Dictionarium polygraphicum. Calamine stone, lapis calaminaris, calamite, cadmia.

Dictionarium Polygraphicum:
Or, The Whole Body of Arts Regularly Digested.
Vol I.
London: Printed for C. Hitch and C. Davis in Pater-noster Row, and S. Austen in St. Paul's Church Yard. MDCCXXXV.
Calamine stone, lapis calaminaris, calamite, cadmia - a kind of fossil bituminous earth much us'd in foundery; being us'd in tinging copper of a yellow colour, i.e. in converting it into brass.

It is either of a greyish colour, as that of Germany and England; or reddish, as that about Leige, and in some parts of France, accounted the best, because yellow by calcination.

It is dug out of mines, usually in small pieces, having eyes, sometimes veins, of lead usually; tho’ not always found in lead mines.

It is generally dug in barren rocky ground; its courses running usually at fix a clock (as the miners phrase it) i. e. from east to west, sometimes at nine and sometimes at twelve; or per pendicular, which is accounted the best.

After it has been dug, it is wash'd, or buddled (as they term it) in a running water, which carries off the impurities and earthy parts, leaving the lead, calamine, and other sparry parts at the bottom; then it is put into a sieve, and shaken well in water, and the lead that is mixt with it sinks to the bottom, the sparry parts ascend to the top, and the calamine remains in the middle.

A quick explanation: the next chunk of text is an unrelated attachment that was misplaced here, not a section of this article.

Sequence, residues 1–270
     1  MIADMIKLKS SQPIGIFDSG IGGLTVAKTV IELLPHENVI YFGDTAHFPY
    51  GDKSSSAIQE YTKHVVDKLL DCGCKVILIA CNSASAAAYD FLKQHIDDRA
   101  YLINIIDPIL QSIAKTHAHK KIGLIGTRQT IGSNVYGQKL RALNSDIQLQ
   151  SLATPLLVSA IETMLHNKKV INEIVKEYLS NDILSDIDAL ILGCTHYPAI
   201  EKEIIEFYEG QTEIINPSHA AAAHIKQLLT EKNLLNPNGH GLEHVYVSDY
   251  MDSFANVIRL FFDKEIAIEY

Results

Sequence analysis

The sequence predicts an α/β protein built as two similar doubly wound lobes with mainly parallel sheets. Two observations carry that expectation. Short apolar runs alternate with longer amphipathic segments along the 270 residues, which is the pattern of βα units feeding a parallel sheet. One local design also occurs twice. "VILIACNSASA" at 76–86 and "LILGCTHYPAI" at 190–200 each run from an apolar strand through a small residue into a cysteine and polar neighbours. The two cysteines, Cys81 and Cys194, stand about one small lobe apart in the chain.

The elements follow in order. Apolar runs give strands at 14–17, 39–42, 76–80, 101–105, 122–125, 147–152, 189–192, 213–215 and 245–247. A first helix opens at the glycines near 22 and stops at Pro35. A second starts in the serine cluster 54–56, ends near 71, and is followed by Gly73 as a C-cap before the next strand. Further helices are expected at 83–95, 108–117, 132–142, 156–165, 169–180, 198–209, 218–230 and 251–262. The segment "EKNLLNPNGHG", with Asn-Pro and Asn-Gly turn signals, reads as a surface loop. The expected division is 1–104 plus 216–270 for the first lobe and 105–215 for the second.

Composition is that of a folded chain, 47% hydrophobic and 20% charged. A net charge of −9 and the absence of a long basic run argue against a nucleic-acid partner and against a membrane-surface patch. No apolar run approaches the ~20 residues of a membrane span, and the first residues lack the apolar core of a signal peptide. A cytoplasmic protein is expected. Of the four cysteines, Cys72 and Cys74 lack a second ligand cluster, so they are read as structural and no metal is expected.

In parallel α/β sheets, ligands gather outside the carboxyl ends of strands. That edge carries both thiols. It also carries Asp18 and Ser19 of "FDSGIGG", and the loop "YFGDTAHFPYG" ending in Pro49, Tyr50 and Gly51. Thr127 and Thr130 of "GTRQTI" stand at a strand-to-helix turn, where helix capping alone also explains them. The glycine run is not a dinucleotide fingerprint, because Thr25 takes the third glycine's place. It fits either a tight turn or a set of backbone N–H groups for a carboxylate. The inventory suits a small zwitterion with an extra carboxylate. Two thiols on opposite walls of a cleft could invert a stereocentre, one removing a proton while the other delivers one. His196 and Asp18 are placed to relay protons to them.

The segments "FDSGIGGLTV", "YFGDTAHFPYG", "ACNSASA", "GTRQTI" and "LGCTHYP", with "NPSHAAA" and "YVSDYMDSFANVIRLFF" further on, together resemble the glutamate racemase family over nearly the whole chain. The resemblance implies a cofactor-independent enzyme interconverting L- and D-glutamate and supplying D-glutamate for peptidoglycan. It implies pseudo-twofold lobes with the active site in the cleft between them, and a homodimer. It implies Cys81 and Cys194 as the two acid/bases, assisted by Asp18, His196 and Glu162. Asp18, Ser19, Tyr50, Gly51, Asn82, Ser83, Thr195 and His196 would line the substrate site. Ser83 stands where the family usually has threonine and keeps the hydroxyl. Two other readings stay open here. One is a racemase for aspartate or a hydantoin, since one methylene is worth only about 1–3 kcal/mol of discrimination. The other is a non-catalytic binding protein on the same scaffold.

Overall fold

Having been thus prepar'd, they bake it in an oven for four or five hours, the flame being so contriv'd as to pass over, and so to heat and bake the calamine; it is kept continually stirred and turned with an iron rake.

This being done, it is pounded to a powder, and all the stones found in it are picked out, and then it is fit for use.

As to the manner of applying it in the preparation of brass, see the article BRASS. And for other uses, other articles.

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